Deep chocolates and rich blacks are an unusual color to find within the garden. Once planted, they provide a dramatic and oftentimes unexpected touch to the garden. Found in a wide range of flower types, each with its own distinct shape, size and color, dark flowers are ideal plants to grow within the garden to accent and complement surrounding flowers.
Trillium 'Sweet Beth'
Trillium 'Sweet Beth' (Trillium vaseyi) is a perennial flower that is native to woodlands of North America and bears the largest flower within the genus. It grows 1 to 3 feet tall and has a spread of 6 to 12 inches wide. Sweet Beth has a clumping growth rate and moderate growth pace with flowers that appear just beneath the foliage of the plant. The nearly 4-inch-wide, curved flowers are chocolate or red. They bloom in mid- to late spring. Sweet Beth trillium grows best in part to full shade and well-drained, rich and moist soil that is neutral to acidic in nature. They are suitable to grow in USDA zones 5 to 8.
Chocolate cosmos (Cosmos atrosanguineus), also called black cosmos, are a tuberous-rooted perennial flower that is native to Mexico and begins blooming in early summer and last into fall. They grow up to 3 feet tall and wide and have a moderate growth rate. The chocolate-scented, daisy-like, velvety flowers are dark brown to almost black and attract butterflies to the garden. Each flower sits atop the slender, tall stems that are brown to red. The dark green lance- to oval-shaped foliage on chocolate cosmos is pinnately divided. Chocolate cosmos grow best in full sun and well-drained, moist soil that is fertile. To ensure a long flowering season, deadhead the spent chocolate cosmos as soon as they are noticeable. Chocolate cosmos grow best in USDA zones 7 to 11.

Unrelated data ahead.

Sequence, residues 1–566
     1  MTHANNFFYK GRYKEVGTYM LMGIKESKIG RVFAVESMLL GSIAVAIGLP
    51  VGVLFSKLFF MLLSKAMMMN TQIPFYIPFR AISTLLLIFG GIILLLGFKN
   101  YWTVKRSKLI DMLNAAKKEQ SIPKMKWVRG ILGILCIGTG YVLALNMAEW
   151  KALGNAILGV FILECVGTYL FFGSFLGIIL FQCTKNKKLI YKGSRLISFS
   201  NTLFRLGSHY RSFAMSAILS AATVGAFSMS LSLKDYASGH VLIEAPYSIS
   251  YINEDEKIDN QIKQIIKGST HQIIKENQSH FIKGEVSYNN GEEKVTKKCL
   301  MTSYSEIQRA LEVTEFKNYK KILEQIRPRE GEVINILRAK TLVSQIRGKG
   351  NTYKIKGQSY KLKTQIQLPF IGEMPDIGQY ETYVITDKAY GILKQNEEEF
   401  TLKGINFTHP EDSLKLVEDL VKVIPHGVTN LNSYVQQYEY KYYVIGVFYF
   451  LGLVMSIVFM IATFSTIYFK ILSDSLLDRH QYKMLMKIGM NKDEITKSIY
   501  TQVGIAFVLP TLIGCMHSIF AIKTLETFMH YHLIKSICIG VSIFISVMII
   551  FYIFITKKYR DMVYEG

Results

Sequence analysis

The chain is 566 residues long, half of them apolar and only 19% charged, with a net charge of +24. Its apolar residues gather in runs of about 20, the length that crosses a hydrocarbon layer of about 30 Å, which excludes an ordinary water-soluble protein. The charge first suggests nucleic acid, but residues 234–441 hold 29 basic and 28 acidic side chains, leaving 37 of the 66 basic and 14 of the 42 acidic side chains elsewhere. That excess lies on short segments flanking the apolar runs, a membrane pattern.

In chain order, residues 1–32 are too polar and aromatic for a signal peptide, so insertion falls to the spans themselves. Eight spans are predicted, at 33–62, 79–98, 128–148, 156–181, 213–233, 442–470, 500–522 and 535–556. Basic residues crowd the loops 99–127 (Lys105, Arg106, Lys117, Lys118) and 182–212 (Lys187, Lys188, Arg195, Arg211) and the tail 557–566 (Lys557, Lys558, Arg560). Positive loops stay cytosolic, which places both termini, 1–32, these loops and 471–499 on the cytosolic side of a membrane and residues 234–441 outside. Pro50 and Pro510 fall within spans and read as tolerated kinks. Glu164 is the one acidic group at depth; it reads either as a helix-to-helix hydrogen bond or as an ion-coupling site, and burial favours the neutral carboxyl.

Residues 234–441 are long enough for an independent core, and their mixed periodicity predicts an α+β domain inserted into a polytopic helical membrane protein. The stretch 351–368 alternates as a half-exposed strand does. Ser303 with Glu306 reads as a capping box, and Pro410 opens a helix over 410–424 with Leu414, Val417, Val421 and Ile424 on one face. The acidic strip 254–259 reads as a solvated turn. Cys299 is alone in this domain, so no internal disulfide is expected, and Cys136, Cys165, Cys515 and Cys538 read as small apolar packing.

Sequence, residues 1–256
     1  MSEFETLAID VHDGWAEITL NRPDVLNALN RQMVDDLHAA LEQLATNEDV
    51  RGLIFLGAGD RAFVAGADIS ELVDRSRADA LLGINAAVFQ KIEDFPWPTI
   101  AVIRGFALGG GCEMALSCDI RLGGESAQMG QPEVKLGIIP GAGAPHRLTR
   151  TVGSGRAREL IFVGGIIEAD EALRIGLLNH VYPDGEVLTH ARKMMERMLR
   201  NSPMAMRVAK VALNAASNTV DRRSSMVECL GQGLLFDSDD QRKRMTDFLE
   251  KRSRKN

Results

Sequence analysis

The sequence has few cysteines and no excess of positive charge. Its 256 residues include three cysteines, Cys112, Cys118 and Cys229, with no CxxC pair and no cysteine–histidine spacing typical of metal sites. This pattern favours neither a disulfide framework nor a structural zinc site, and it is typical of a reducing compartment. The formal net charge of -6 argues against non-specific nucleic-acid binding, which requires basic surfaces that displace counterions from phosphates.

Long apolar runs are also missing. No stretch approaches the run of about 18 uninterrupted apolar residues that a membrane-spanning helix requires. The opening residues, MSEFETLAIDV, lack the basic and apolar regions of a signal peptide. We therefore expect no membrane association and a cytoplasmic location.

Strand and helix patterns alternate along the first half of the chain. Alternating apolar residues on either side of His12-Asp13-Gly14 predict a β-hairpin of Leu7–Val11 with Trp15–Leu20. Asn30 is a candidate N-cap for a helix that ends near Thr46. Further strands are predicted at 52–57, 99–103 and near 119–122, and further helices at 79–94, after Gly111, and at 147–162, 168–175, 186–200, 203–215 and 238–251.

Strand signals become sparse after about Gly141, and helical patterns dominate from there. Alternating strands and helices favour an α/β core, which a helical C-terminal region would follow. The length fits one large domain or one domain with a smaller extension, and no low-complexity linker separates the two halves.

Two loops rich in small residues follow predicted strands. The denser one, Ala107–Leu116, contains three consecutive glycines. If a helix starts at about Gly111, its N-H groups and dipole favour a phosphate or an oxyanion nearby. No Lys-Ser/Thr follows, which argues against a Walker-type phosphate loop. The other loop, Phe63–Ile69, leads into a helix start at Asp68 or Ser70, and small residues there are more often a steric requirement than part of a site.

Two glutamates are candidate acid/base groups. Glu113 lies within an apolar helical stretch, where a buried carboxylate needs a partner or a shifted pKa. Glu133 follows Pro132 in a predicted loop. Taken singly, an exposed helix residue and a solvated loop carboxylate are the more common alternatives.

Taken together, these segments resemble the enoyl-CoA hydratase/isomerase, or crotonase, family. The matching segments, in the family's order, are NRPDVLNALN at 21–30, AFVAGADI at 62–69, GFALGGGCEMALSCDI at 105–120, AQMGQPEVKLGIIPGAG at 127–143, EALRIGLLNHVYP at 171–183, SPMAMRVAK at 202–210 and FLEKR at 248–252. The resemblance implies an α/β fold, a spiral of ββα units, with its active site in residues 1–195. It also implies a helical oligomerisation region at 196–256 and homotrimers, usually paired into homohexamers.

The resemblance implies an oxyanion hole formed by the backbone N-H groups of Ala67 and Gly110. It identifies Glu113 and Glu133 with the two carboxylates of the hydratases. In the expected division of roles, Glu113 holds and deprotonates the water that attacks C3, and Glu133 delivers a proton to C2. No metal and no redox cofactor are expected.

Black pansy (Viola 'Black Accord') is an annual flower that is suitable to grow in all USDA zones. Black pansies grow 8 to 12 inches tall and are ideal tucked along a front flowerbed or nestled within containers for their striking display. The 2- to 4-inch-wide black, flattened "faces" of the black pansy consist of two upper petals, two lateral petals and one lower spurred petal with a contrasting yellow center. The dark green oval- to elliptic-shaped leaves on black pansies grow up to 1 1/2 inches long. Black pansies grow best in full sun to part shade and fertile soil that is consistently moist. To promote a long flowering season, deadhead the spent black pansy blooms as soon as possible.